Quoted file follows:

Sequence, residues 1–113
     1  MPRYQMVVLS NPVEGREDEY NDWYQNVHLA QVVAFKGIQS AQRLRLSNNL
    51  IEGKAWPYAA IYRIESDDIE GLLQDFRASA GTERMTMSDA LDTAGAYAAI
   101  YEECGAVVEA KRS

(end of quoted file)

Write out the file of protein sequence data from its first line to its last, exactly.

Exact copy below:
Sequence, residues 1–113
     1  MPRYQMVVLS NPVEGREDEY NDWYQNVHLA QVVAFKGIQS AQRLRLSNNL
    51  IEGKAWPYAA IYRIESDDIE GLLQDFRASA GTERMTMSDA LDTAGAYAAI
   101  YEECGAVVEA KRS